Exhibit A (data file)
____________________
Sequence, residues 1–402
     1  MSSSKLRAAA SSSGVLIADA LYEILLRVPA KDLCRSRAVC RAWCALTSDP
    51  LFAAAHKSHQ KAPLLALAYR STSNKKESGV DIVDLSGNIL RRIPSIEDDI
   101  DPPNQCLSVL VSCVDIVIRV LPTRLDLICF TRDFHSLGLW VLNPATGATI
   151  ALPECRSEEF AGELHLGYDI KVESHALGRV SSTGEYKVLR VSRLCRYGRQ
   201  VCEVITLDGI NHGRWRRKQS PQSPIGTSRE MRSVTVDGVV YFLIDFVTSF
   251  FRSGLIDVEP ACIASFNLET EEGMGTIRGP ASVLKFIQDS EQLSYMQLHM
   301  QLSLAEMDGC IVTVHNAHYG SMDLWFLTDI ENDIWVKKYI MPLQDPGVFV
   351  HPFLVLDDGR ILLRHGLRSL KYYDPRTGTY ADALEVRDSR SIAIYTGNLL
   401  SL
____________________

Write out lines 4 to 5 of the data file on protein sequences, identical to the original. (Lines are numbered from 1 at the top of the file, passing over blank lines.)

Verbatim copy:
   101  DPPNQCLSVL VSCVDIVIRV LPTRLDLICF TRDFHSLGLW VLNPATGATI
   151  ALPECRSEEF AGELHLGYDI KVESHALGRV SSTGEYKVLR VSRLCRYGRQ